"Based on an actual lie.” That’s how Lulu Wang’s new film The Farewell starts out, before China-born, U.S.-raised Billi (Awkwafina) returns to Changchun as her family prepares to say goodbye to their matriarch Nai Nai, who’s been diagnosed with cancer. The one catch: Nai Nai doesn’t know she’s sick.
An interview with Matt Zoller Seitz
An interview with Alissa Wilkinson
"It’s a super testosteroney movie—a bunch of men, a lot of violence, the cops are dudes, the guys in the neighborhoods are dudes. But no one was looking at this with empathy, like, “What does it mean to be a human being living in this space?” To me that was a very female gaze, though the movie wasn’t about women."
"The fact is that these final years of Nico’s life were arguably the best years because she was much more in control, she was happy, and she had her band."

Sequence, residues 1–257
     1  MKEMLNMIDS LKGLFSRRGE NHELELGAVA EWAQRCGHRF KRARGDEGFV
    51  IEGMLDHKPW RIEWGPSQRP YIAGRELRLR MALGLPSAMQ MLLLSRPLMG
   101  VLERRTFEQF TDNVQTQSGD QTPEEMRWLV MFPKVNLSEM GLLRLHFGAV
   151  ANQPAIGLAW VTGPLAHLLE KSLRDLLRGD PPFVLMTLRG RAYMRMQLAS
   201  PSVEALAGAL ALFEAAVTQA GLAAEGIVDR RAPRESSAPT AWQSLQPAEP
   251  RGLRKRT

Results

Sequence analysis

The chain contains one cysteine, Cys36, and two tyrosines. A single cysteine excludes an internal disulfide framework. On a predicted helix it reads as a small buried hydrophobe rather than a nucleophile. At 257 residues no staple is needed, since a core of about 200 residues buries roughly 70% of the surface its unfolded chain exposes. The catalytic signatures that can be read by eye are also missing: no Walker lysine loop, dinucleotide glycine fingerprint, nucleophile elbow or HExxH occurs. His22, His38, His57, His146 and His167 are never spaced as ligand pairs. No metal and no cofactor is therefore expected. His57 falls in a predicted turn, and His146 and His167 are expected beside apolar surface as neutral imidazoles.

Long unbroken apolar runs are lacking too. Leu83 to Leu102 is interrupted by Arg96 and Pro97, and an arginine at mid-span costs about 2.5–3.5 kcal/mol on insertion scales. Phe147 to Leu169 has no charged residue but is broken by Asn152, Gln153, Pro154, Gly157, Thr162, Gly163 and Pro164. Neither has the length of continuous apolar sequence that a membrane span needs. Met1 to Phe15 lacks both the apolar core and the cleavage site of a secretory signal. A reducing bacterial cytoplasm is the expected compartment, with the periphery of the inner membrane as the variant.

"You know how, in therapy, you realize something was the cause of something else? This film was like natural therapy for me. I started thinking, 'What else do I remember about the one-child policy, and how did it affect me?'"
"I always made choices based on my gut and sometimes they ended up more commercially successful and sometimes less so. I have to make something that I might want to watch, or show a world that I find interesting."
"I’ve gotten better at letting it go, but something like that scene sort of stays with you for a bit. It’s hard to shake that off after the work is done. It definitely involved a really long hot shower and maybe a bath and a martini or something."
"Kenny has such a deep understanding of his characters, and also a deep understanding of human behavior. The way his characters relate to each other just strikes me as completely real and relatable, in a way I find profound in its simplicity."
"I think it’s a movie to really be proud of, no matter how difficult it was to make. I’m glad that Kenny survived it, really, and that everyone will gradually come to watch Margaret eventually. I think it’s something that will last."